A Midhurst family has told of their shock at the way appeals are carried out for parents fighting to send their children to schools of their choice.
Former chairman of Midhurst Town Council Colin Hughes attended a panel in Worthing with his daughter, Julia, who recently moved from Midhurst to Easebourne, to try and get his grandson into Midhurst Primary School, where his sister is a pupil.
“We were told the hearing would be as informal as possible,” he said, “but I found myself quite shocked at the way it was conducted and where it was held. It was very formal and in fact felt like going into a court.”
He added: “We were told any appeal was extremely unlikely to succeed unless there were some extreme reason to change their minds or the council itself was guilty of gross negligence.”
There was no attempt to put worried parents at ease: “This was a foregone conclusion designed to place the county council above reproach.” He said: “People with real concerns about their children should not be subject to this crushing display of officialdom.”
He was astonished the appeals in Worthing were all Midhurst and Easebourne parents. “Many had real difficulties in getting there. There was no consideration for ordinary working people.”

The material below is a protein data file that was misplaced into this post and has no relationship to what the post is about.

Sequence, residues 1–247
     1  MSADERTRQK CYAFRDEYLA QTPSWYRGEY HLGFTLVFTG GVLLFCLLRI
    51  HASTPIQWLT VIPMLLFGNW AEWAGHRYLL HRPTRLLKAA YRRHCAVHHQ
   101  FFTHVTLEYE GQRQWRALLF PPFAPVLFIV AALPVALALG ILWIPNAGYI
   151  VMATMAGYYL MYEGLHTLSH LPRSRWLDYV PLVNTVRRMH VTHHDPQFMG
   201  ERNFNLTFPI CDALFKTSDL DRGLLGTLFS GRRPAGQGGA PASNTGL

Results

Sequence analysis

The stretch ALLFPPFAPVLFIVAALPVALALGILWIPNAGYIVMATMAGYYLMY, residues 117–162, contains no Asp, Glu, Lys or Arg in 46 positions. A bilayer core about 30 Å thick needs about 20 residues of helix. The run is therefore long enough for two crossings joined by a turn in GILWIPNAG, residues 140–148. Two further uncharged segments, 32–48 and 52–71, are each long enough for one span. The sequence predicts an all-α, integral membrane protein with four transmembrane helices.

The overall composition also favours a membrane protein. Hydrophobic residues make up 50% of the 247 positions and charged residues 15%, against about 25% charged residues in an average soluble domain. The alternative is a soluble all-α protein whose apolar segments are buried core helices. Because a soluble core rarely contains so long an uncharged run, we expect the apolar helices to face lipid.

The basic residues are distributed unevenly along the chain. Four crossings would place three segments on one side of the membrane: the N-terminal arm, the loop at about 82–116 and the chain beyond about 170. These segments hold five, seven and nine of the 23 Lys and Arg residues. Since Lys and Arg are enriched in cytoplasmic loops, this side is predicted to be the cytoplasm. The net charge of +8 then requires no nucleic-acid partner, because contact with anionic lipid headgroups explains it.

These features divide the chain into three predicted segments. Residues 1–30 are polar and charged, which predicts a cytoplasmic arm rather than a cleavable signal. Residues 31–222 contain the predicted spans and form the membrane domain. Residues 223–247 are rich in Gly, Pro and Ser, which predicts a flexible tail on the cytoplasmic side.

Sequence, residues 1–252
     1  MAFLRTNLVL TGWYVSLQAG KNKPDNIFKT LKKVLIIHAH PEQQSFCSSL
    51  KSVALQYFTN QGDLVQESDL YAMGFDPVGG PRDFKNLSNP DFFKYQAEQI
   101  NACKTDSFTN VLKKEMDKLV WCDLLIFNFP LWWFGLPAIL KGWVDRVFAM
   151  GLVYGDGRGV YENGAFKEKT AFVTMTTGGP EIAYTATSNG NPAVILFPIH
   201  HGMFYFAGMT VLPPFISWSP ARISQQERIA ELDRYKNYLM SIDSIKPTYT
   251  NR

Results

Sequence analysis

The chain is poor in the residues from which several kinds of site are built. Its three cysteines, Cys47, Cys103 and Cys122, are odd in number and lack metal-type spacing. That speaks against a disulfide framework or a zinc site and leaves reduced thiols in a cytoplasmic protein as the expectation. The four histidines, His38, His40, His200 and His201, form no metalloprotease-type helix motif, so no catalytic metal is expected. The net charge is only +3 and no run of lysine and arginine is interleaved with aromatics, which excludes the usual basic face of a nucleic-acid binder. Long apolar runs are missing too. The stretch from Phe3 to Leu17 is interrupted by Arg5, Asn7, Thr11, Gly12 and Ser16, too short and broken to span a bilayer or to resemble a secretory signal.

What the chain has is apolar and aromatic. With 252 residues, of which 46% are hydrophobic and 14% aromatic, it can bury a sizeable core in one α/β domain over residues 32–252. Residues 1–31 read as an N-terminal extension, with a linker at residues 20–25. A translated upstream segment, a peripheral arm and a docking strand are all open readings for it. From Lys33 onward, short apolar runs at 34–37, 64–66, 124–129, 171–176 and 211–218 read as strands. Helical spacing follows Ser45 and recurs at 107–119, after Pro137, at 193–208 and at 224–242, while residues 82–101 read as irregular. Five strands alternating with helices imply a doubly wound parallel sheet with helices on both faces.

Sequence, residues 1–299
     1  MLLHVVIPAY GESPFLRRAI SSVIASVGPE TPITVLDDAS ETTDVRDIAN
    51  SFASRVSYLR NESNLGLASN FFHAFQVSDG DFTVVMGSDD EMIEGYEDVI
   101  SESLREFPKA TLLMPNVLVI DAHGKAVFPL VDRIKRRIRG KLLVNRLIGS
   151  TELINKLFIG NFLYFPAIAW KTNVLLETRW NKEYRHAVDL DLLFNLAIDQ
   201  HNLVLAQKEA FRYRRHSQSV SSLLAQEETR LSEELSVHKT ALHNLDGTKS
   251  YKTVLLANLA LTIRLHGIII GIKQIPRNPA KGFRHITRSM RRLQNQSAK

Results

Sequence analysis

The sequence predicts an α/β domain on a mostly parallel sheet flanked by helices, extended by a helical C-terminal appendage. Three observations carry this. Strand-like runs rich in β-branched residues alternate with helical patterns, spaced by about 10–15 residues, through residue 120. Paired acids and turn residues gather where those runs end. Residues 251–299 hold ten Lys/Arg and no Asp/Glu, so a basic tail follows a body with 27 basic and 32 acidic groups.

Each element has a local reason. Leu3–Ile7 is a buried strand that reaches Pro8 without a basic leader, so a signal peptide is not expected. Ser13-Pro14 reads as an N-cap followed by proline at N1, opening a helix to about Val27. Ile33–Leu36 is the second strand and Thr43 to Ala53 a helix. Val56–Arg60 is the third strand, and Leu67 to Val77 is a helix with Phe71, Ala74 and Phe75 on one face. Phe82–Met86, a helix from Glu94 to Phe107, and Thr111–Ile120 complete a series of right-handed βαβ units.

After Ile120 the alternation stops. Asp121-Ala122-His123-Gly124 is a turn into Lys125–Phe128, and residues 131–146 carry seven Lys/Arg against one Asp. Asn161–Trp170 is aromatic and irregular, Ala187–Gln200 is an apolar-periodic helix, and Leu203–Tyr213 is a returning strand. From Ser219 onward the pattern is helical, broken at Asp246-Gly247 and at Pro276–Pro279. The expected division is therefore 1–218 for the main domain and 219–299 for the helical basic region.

The appeal illustrated, he believed, all that was wrong with how government, national and local, treated ordinary working people: “We are not the enemy but we were certainly made to feel like it at the tribunal we attended.”
A county council spokesman said: “Appeals are heard by independent panels, but we do try to assist parents and often receive compliments on the way the process is conducted. We also try to ensure appeal hearings are as informal as possible, but by their legal nature they do need to have an element of formality. The Local Government Ombudsman has advised it is important to make parents aware there are limited circumstances in which an appeal can succeed.
“We have to book the venues for appeals well in advance, but we will endeavour to use more local venues if possible.”
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